Trippin’ on the Fu Man Choo Choo

By Stacy Davies

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Posted May 26, 2011 in Eats

Since it would be much too easy to make an Orient Express joke about a Chinese restaurant housed inside real train cars on real tracks, I opted for the much cleverer headline above. Still, there’s something appropriate about likening this out-in-the-middle-of-nowhere bistro to an Agatha Christie murder mystery—once you climb aboard, the sense that hidden intrigue and scandalous secrets surround you is more abundant than the Chinese paper lanterns that hang from the train’s crimson interior.

In fact, it pretty much feels as if you’ve stepped back in time, or perhaps stepped out of time. The framed reproduction of the front page from a 1915 edition of the L.A. Times that announces the sinking of the Lusitania—and the meager survivor list—helps, and, really, if Rod Serling suddenly sauntered up to the host station to seat you, it would all make perfect 4th dimension sense. You have now entered Romoland, you see, and what a Romoland is, only those who have been there can say.

Of course, once I embarked, Mr. Serling did not slide up to seat me, but the next best thing did: a Chinese head waiter wearing only half a pair of glasses—a left lens and wire to the nose bridge and no more. If only ominous orchestral music had begun to play; instead, pop songs from an Asian Barry Manilow floated from the speakers above my head, and this really was better, if you think about it. The man led me down the narrow car past a smattering of other guests ensconced in black leather and gold buttoned booths, and seated me with such affection (and I’m being polite) that I thought for a moment he might whisper some enigmatic phrase into my ear, much like a human fortune cookie or Sphinxian Miss Marple riddle.

I ordered the orange chicken lunch combo ($6.25) and the waiter beamed; this was his personal favorite dish, he told me and he’d just tried, to no avail, to convince the woman two booths down to order it; she preferred the lemon chicken. He then swung around her direction and called out: “See? Orange chicken best! I told you!” She was not amused. But I was.

In short order, he brought out my tea and crispy noodles appetizer with sweet and mustard sauces, and I realized after slathering a noodle in the yellow sauce that this “dip” is somewhat akin to wasabi—my Chinese food knowledge had clearly been truncated by years of Japanese cuisine, but at least my sinuses were now clear. Egg flower soup and a fresh, succulent egg roll on the side followed.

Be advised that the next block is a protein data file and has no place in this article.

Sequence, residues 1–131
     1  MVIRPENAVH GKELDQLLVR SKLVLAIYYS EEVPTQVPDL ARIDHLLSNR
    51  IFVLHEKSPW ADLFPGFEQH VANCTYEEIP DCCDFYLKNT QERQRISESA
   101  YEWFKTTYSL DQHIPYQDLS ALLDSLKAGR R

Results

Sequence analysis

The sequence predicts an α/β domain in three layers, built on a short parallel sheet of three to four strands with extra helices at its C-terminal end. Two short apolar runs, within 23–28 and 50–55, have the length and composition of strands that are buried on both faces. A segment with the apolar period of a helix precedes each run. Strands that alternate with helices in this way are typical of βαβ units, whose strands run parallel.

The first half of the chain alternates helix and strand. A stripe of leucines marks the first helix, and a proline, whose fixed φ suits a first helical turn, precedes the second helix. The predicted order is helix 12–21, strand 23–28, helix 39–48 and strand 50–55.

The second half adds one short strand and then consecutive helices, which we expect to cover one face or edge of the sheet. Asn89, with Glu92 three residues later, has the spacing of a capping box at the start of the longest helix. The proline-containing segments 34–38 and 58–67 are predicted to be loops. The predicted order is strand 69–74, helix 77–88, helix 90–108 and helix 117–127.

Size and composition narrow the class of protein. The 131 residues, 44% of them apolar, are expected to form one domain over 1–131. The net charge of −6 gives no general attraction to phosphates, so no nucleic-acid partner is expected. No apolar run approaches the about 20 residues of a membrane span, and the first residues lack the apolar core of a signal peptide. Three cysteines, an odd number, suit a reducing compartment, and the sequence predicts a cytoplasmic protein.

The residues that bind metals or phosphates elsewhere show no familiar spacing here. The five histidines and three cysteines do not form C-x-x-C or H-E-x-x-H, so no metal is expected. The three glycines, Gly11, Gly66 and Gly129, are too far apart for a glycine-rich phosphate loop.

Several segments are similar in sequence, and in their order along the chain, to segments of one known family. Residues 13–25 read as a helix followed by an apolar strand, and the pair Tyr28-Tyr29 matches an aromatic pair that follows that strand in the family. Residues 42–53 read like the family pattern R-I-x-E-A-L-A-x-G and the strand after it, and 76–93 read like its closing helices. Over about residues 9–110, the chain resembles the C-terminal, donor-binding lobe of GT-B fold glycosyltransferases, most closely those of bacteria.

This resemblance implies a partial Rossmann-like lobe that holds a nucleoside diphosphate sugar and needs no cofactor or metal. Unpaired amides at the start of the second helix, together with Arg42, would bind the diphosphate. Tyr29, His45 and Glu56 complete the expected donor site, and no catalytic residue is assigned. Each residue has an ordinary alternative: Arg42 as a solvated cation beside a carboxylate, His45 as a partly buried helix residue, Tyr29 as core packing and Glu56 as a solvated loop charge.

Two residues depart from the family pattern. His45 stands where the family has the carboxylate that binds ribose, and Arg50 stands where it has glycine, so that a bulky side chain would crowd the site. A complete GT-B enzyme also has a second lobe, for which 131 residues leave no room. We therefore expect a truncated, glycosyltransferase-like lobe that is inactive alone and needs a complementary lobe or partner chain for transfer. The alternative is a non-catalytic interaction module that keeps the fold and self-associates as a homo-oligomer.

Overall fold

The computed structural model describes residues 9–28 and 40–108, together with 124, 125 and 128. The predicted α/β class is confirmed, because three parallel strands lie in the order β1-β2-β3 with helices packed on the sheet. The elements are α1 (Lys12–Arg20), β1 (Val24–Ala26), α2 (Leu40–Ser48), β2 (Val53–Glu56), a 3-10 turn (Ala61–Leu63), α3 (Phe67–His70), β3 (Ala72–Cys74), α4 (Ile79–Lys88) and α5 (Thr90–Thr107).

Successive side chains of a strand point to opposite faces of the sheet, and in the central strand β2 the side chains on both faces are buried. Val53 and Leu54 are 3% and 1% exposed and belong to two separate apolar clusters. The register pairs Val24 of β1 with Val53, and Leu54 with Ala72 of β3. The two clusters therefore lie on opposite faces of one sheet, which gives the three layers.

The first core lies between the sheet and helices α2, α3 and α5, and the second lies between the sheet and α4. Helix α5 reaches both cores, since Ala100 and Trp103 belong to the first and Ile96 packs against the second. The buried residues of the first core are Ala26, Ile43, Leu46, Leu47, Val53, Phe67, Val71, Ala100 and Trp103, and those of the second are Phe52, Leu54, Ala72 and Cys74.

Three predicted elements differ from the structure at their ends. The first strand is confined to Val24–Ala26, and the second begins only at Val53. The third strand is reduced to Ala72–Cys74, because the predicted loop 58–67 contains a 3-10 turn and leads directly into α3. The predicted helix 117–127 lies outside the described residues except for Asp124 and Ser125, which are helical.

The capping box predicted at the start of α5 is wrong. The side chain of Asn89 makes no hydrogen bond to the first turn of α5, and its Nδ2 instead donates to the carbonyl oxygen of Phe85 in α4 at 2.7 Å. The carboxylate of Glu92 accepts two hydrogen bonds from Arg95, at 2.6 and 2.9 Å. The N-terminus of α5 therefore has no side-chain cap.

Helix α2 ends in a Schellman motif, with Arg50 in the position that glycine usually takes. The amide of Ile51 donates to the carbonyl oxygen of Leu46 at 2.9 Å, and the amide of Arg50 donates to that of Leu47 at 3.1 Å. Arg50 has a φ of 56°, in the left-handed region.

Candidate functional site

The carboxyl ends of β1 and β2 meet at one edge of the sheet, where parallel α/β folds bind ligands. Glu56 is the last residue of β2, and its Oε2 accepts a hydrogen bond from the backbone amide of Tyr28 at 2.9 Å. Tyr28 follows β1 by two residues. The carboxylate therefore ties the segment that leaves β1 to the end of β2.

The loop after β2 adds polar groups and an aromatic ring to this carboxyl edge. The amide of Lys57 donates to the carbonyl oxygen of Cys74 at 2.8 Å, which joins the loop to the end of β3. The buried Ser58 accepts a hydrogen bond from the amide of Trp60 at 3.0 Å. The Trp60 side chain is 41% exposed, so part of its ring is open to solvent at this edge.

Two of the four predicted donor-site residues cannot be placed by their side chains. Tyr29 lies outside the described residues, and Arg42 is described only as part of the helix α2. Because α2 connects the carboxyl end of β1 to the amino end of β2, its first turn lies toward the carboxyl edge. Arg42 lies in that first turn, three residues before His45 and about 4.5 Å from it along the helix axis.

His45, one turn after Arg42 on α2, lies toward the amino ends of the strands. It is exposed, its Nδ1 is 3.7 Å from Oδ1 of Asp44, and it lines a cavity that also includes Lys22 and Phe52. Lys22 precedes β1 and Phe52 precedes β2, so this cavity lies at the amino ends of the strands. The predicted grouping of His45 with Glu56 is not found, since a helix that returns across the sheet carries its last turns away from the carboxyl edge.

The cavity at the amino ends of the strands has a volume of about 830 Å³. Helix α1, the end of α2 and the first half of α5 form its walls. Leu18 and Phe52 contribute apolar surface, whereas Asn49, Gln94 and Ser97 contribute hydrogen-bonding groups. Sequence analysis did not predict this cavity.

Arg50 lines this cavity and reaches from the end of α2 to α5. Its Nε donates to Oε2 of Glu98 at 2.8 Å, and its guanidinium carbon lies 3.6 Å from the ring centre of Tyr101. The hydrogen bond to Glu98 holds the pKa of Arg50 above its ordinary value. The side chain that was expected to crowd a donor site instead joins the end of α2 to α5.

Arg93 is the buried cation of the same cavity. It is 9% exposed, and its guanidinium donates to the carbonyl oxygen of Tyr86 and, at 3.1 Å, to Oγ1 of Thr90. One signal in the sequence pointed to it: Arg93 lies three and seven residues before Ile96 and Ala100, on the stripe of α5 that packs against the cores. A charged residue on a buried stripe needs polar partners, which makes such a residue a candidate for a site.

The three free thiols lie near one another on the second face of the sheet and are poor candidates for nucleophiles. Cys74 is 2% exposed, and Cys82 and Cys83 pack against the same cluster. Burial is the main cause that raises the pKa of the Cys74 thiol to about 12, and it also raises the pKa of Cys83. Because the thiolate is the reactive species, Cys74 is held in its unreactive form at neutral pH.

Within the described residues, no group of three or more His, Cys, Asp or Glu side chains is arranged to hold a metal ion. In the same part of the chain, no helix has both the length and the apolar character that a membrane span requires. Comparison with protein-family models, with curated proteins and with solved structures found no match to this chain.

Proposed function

I dove into the spread, and strangely, found myself unable to stop staring outside of my train car window. We weren’t moving, of course, and my view was only of another car alongside us and a small patch of shrubbery between, and yet, as Confucius as my witness, I saw villages, fields, lakes and gaggles of geese being chased by smudge-faced children outside that window. I even began to feel as if I were on an adventure to destinations unknown, somewhere fascinating, somewhere life-altering.

My orange chicken arrived in a portion that was really enough for two people. Regardless, I had no trouble filling up on behalf of my invisible companion, and assured the waiter that it was, as he’d promised, quite excellent. Soon after, the requisite fortune cookie was dropped off. Now, while I loathe the taste of fortune cookies, I lurve the prophetic papers inside. I broke it open with haste and was speechless: no fortune! I wanted to ask my half-spectacled friend what it meant, but he had vanished. I stared back out of my window for answers: Will I have no future? Will I never leave this train again? Was my “Next Stop, Willoughby”? Supposedly, having no fortune is boo chin—no luck—and I was right next door to Hemet. This could be very bad, indeed, and yet, I knew from my momentary supernatural excursion that normal rules and superstitions no longer applied to me. I was a passenger now, on a strange journey into the unknown, my slate wiped clean, my destiny propelled by happenstance and karma. There would be no barriers and no diversion of my transcendental transcontinental transformation! Then again, it may have just been that crazy mustard sauce.

Chinese Bistro, 28380 US Highway 74, Romoland, (951) 928-3837. Sun-Thurs 11AM-9PM, Fri-Sat 11AM-9:30PM. MC, V.


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